Record-breaking clean energy investment overtakes fossil fuel spending
As capital spending across the fossil fuel industry continues to fall, investment in low carbon energy is thriving, helping to push electricity sector capex to record levels, according to the International Energy Agency (IEA)
Last year spending in the electricity sector overtook investment in the fossil fuel industry for the ﬁrst time ever, according to the IEA's recently-released World Energy Investment 2017 report—a barometer for spending across the entire energy industry.
Capital investment in global oil and gas supply fell by 38% between 2014 and 2016, the IEA said, but still comprises around 40% of the total. This drop has allowed spending on low-carbon energy supply, including electricity networks, to reach a record 43% of the global, total spend last year. This is a rise of 12% from 2014 levels.
Global electricity investment was down just 1% at $718bn, with growing network spending mostly offset by fewer coal-ﬁred power plant additions.
Investment in renewable-based power capacity was the largest area of electricity spending. According to the report, progress in technology and project management is driving down solar and wind costs, which has led to investment in renewables falling 3% to $297bn. The IEA notes, however, that renewables will generate 35% more power as they become cheaper and technology in solar PV and wind develops.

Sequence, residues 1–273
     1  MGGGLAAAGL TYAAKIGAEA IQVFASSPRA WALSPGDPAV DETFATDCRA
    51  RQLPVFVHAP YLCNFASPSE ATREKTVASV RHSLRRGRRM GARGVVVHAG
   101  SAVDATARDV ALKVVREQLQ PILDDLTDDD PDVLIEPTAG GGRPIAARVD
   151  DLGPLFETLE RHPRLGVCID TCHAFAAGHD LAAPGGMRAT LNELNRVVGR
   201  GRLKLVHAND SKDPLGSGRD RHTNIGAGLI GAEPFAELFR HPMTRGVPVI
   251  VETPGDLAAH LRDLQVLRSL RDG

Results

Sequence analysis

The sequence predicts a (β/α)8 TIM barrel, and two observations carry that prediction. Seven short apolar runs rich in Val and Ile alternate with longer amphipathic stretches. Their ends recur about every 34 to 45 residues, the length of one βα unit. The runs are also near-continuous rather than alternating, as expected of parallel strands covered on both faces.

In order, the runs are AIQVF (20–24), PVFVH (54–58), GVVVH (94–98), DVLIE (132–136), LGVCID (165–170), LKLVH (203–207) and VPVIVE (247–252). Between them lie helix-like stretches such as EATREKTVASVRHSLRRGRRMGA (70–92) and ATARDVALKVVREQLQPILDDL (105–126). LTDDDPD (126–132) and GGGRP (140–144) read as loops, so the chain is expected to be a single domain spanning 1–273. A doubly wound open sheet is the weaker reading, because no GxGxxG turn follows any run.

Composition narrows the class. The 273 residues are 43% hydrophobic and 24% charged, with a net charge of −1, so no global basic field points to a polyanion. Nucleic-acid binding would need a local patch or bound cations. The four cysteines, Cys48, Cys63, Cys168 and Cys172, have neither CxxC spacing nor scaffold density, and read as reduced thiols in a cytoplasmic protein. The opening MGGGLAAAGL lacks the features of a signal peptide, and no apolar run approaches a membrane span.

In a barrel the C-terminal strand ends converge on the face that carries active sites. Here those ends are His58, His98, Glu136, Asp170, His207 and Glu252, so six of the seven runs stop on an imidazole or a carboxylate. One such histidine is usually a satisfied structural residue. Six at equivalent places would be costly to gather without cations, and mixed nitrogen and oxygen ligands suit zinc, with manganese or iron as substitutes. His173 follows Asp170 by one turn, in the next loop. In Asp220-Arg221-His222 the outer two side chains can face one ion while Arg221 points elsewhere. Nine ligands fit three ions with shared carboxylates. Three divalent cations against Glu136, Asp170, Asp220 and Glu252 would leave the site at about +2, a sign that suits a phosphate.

"The biggest area of power generation investment is renewable, low-carbon generation," said IEA chief economist Laszlo Varro. "Wind and solar power have been doing very, very well and 2016 was a record year. We can expect 200 TWh of electricity from the wind and solar investment [made] in 2016."
Notably, China, the world's largest energy investor, saw a 25% decline in coal-ﬁred power investment last year, as it is increasingly driven by clean electricity generation and networks, as well as energy efficiency investment.
In 2016, total global investment across the entire energy sector fell by 12%, from a year earlier, to $1.7 trillion—or 2.2% of global GDP.
It was the second, consecutive year of declining overall investment. This was because higher spending on energy efficiency and electricity networks failed to offset a 44% drop in upstream oil and gas spending between 2014 and 2016, the IEA said.
A prolonged period of depressed oil prices and advances in technology, which have helped to reduce costs for both producing electricity from renewable energy and oil and gas drilling, have also helped to slash overall investment levels.
However, so far in 2017 there has been a modest rebound. A 53% rise in US shale oil and gas investment, combined with resilient spending in large oil and gas producing regions such as the Middle East and Russia has driven nominal upstream investment 6% higher in 2017 (a 3% increase in real terms). Notably, it says the oil and gas sector is getting better at cutting costs.
"The oil and gas industry is undertaking a major transformation in the way it operates, with an increased focus on activities delivering paybacks in a shorter period of time and the sanctioning of simpliﬁed and streamlined projects," the report says.